Bartender Basics: The Right Way To Shake a Cocktail | Wine Enthusiast
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Bartender Basics: The Right Way To Shake a Cocktail

Shaking is one of the primary methods to mix, chill and dilute a cocktail. It’s generally used for drinks that contain citric acid in the form of lemon or lime juice, like those in the sour family of cocktails, or those that contain cloudy ingredients like pineapple juice.

What are the benefits of shaking a cocktail over stirring? Drinks will be chilled and dilute in a shorter amount of time. Shaking also provides smoother texture and a bit of froth due to aeration. This texture and foam are desirable in, say, a daiquiri, but not a martini.

Shaking is also one of the most needlessly overcomplicated techniques in bartending. This is because it’s financially prudent for bartenders to make their jobs seem as complicated as possible, to justify the price of your bar tab at the end of the night. Before we get into why, let’s cover the basics.

Cobbler shaker with julep strainer and assorted bar tools / Getty
Cobbler shaker with julep strainer and assorted bar tools / Getty

Types of shakers and strainers

There are primarily two main types of shakers: the cobbler and the Boston shaker. (A third, the Parisian/French shaker, exists but is much less common and much more annoying.) The cobbler is a three-piece shaker that consists of a metal cup, a top with an integrated strainer, and a metal cap to seal the opening.

A Boston shaker is a two-piece system that involves a large metal cup, and a smaller cup that the larger tin fits over, creating a seal. The smaller cup can either be metal or a Boston glass (a.k.a. beer pint). The latter is primarily used when shaking multiple drinks at one time.

Boston shakers require an external strainer, unless one is skilled in the art of “crack the seal slightly and pour through the gap in the tins” technique. This will either be a Hawthorne strainer, a metal sieve with a coiled spring around the edge to catch the ice, or a julep strainer, which looks like a slotted spoon. Both serve the exact same purpose of holding back ice, but Hawthorne strainers are used to strain drinks from the larger of the metal tins (though the spring can usually conform to smaller glasses as well), while the julep strainer is primarily used for pouring from a Boston/pint glass.

Boston shaker with Hawthorne strainer / Getty
Boston shaker with Hawthorne strainer / Getty

Which is better? It doesn’t matter, use whichever feels comfortable to you. Caps on the cobbler tend to get stuck, leak more and usually can’t be used to make multiple drinks, so you’ll mostly see Boston shakers in professional bars. But if you dig the classic look of a cobbler at home, have at it.

How to shake a cocktail

Add your cocktail ingredients to the shaker, fill with ice and seal. Pick up the shaker and turn it sideways, a full 90 degrees. Shake vigorously for 12–15 seconds. Open, and strain your drink into a glass, either over fresh ice or served up.

Almost every other embellishment to shaking a drink is purely for show and do not at all affect how your drink tastes. Common embellishments are:

The Clicky-Clack: An up and down motion with the shaker that creates a pleasing and professional-sounding tambourine-like effect.

The Two-Hander: Gripping one shaker with two hands, one on the front and one to the rear, as if to demonstrate complete focus on the drink, and that its perfection requires dedicated input from both arms.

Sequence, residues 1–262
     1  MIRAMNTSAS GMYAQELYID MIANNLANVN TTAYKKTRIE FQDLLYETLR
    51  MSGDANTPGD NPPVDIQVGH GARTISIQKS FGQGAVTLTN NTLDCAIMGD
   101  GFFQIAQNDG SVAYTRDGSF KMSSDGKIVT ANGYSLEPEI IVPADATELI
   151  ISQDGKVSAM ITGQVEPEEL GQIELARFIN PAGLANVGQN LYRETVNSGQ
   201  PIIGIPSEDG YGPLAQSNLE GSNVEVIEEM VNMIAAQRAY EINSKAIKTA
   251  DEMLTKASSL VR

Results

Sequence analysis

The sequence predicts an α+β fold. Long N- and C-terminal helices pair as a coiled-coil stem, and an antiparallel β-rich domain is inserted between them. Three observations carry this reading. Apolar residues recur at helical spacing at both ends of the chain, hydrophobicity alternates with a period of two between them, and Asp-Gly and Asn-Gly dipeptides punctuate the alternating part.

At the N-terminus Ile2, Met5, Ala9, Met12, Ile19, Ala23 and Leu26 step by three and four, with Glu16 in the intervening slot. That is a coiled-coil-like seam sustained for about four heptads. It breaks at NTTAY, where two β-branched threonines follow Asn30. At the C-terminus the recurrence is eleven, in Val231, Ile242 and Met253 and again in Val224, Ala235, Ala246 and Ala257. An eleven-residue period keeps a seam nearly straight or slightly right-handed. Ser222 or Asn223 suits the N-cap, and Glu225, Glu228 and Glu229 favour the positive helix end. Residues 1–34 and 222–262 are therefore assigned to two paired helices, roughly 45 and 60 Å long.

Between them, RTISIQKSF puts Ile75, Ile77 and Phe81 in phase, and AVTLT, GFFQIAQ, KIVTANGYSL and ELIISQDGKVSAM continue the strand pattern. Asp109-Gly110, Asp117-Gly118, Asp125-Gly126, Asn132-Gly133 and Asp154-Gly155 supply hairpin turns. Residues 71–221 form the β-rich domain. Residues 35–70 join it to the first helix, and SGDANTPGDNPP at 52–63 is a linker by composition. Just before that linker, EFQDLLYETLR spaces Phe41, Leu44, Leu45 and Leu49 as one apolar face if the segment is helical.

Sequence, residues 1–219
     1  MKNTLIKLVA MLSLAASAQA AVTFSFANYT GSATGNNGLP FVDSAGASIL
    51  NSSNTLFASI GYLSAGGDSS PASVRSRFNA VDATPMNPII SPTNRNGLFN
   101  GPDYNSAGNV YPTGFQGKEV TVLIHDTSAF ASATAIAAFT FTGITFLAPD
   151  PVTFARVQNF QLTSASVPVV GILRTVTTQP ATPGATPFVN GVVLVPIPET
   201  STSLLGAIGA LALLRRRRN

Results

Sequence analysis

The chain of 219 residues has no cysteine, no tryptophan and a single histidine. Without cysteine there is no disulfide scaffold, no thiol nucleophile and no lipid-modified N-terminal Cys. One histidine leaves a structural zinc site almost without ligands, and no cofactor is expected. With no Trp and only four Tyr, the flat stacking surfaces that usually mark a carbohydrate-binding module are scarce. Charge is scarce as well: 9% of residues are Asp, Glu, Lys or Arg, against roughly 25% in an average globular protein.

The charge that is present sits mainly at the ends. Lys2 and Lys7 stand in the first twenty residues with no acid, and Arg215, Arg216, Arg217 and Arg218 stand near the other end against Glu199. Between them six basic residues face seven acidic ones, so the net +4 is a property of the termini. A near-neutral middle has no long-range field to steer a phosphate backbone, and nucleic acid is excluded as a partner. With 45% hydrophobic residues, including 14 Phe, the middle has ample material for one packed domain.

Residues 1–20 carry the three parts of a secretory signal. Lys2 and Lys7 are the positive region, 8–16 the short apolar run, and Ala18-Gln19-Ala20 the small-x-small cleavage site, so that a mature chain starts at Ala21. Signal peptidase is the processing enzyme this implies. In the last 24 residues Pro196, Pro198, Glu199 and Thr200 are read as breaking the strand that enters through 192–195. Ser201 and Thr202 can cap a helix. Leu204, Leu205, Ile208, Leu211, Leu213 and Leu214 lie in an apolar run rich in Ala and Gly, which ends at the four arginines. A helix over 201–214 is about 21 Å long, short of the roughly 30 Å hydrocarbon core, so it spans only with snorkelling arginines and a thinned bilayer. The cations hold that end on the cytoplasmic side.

The Too Much Coffee Shake: A super-fast shake meant to shock and awe guests at how much faster you shake than they would at home.

The Motorboat: Shaking two shakers at once, alternating one moving forward while the other goes back.

The Gun Show: Shaking two shakers at once, in perfect symmetry, possibly while flexing your biceps and squinting intently.

The Spin: Casually twirling the shaker in the palm of your hand when you pick it up to look cool, occasionally spraying water and alcohol on your fellow bartenders in the process.

Row of Boston shakers on bar

Tips of the trade

In a 2009 article with an impressive level of science, bar wizards Dave Arnold, Eben Klemm and Alex Day used thermocouples embedded into a cocktail shaker to prove that regardless of shaking style or the type of ice used (as long as it’s not shaved ice), after about 12 seconds of shaking, almost all drinks reached the same equilibrium of chill and dilution. That’s not to say a little flair can’t make your technique more impressive, just don’t believe a bartender who claims their shake to be better for your drink than anyone else’s.

However, if you’re just starting out, here are a few tips that can help you along:

  • Always keep the shaker horizontal, ensuring as much surface area contact as possible between your ice/cocktail and the metal of your tin(s).
  • Keep the end of the cobbler with the cap, and the smaller of the two tins of a Boston shaker, pointed behind you when you shake. This will avoid potentially spraying guests if your seal becomes loose.
  • When using a Boston shaker, add your ice/ingredients to the smaller of your two tins, fitting the larger one on top. Slapping the smaller tin into an overfilled larger one is a recipe for alcohol to gush out of the shaker and into your face.
  • When using a Boston shaker with a glass pint, never smack it against a hard surface to dislodge the two containers, unless you want to risk broken glass in your drink. A gentle squeeze and a wiggle are usually all it will take to unlock your shaker.
  • Shaking a drink that’s meant to be served up (without ice)? Double-strain your cocktail through a small mesh sieve when you pour into the glass, if you want to avoid ice chips or look fancy.
  • If you’re making an egg white cocktail, you’ll want to perfect your dry shake. More information on that can be found here.